Classification of Weevils as a data-driven science: leaving opinion behind
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Data and explicit taxonomic ranking criteria, which minimize taxonomic change, provide a scientific approach to modern taxonomy and classification. However, traditional practices of opinion-based taxonomy (i.e., mid-20th century evolutionary systematics), which lack explicit ranking and naming criteria, are still in practice despite phylogenetic evidence. This paper discusses a recent proposed reclassification of weevils that elevates bark and ambrosia beetles (Scolytinae and Platypodinae) to the ranks of Family. We demonstrate that the proposed reclassification 1) is not supported by an evolutionary systematic justification because the apparently unique morphology of bark and ambrosia beetles is shared with other unrelated wood-boring weevil taxa; 2) introduces obvious paraphyly in weevil classification and hence violates good practices on maintaining an economy of taxonomic change; 3) is not supported by other taxonomic naming criteria, such as time banding. We recommend the abandonment of traditional practices of an opinion-based taxonomy, especially in light of available data and resulting phylogenies.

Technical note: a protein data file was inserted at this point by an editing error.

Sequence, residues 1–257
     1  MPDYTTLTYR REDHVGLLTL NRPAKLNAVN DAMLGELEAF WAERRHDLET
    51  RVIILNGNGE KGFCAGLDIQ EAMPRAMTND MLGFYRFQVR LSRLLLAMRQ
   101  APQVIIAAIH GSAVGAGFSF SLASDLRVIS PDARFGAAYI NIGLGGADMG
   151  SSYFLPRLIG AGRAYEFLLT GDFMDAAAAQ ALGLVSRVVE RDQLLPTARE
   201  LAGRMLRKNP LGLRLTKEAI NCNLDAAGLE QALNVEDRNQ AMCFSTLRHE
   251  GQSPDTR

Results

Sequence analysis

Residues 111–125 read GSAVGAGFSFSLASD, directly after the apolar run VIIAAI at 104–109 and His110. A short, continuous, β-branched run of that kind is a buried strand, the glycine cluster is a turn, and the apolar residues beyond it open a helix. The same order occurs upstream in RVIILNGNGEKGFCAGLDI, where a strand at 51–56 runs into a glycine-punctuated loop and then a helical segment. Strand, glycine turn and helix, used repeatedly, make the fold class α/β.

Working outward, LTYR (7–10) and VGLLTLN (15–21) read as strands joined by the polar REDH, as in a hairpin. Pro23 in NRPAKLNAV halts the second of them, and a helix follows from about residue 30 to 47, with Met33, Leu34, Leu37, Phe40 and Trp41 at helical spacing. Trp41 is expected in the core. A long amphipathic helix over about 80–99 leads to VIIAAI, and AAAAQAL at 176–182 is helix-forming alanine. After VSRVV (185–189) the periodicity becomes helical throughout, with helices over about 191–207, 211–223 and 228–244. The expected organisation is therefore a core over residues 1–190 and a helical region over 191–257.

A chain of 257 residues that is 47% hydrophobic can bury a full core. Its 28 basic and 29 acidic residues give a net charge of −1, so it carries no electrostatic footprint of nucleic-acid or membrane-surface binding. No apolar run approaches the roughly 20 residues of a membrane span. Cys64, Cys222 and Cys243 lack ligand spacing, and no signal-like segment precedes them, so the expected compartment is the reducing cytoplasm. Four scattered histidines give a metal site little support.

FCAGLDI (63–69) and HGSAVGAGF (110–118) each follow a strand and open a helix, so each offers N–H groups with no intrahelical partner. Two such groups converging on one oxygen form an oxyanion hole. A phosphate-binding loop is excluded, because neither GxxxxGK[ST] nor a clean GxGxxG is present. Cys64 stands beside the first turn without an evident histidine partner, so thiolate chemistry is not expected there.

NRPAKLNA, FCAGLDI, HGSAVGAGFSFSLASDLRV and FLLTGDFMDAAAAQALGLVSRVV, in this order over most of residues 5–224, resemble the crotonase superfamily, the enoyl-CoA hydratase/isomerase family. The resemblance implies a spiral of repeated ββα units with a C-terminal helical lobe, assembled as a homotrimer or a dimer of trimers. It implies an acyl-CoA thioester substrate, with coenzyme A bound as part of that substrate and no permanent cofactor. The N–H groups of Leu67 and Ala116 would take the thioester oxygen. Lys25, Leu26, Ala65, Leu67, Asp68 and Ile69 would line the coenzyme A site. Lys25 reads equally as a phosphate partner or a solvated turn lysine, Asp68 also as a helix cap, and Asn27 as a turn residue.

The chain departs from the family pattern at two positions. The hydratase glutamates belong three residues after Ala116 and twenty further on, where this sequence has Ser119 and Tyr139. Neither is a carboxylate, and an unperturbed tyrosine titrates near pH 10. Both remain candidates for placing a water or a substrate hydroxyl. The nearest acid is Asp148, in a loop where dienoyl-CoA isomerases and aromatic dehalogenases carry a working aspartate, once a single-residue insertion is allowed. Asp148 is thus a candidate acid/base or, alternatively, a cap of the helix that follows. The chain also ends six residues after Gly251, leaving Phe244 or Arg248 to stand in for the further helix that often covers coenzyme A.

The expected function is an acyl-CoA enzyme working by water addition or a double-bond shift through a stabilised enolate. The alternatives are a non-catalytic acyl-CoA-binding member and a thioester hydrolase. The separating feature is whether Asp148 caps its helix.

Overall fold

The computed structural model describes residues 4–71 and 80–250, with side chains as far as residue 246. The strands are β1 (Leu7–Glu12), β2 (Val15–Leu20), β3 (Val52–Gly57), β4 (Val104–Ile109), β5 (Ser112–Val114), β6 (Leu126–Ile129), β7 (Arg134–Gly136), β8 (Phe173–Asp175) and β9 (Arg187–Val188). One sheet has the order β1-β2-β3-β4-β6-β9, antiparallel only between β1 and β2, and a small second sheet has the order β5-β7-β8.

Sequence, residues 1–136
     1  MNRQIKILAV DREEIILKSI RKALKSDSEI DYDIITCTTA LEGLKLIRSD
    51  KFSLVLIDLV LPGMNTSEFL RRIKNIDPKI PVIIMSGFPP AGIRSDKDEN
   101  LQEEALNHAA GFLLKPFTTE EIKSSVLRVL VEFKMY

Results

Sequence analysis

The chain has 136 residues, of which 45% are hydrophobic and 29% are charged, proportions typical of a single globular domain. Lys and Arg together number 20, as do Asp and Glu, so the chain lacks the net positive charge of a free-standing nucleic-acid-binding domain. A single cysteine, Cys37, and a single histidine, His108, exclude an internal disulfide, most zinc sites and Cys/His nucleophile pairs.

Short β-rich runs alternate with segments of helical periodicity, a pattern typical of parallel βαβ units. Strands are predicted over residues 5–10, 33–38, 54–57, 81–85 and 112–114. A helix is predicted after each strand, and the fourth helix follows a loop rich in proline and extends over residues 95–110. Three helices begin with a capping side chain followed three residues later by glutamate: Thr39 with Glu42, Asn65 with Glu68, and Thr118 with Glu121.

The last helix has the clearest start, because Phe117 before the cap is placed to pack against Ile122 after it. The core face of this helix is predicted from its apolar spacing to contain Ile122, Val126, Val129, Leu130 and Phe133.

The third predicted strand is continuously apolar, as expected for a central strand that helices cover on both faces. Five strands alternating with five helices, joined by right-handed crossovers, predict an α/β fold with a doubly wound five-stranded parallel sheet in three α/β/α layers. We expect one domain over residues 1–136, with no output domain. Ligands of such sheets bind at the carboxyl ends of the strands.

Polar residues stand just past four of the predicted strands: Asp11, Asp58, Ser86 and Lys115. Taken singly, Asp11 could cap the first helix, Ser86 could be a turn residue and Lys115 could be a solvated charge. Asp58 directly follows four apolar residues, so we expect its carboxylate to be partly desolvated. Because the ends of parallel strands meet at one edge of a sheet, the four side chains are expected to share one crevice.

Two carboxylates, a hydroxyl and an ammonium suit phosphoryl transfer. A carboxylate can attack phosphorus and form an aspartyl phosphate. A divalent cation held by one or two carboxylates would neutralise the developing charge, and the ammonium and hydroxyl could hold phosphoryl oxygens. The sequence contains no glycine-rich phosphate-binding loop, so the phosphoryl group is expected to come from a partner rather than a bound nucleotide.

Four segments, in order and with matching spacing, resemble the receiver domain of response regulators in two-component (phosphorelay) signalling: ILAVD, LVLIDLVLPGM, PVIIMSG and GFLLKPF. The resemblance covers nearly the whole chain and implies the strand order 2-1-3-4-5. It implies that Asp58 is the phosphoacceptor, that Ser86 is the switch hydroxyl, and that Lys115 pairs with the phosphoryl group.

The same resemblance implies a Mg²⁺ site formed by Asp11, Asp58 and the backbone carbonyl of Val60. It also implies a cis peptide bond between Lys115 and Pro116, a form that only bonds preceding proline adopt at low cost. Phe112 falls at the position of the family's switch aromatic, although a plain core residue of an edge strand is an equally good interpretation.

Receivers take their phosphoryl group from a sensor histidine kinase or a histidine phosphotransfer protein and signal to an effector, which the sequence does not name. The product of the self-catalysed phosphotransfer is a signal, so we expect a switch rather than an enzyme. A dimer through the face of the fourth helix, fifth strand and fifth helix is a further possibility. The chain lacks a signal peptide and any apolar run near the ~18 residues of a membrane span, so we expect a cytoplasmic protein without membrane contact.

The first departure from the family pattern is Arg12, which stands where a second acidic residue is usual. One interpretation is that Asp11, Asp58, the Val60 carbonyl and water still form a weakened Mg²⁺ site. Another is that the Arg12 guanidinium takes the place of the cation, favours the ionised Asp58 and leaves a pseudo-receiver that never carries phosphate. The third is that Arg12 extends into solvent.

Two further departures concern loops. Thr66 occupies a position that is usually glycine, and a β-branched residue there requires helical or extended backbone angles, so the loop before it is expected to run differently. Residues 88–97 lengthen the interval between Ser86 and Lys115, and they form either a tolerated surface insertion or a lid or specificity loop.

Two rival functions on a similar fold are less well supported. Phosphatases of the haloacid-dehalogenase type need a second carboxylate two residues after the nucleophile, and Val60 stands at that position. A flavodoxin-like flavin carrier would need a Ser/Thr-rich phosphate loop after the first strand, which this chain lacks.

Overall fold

SubjectCurculionoideaScolytinaePlatypodinaeweevil phylogenytaxonomic naming criteriaEvolutionary systematicsScolytidaePlatypodidae
Copyright 2014 Bjarte H. Jordal et al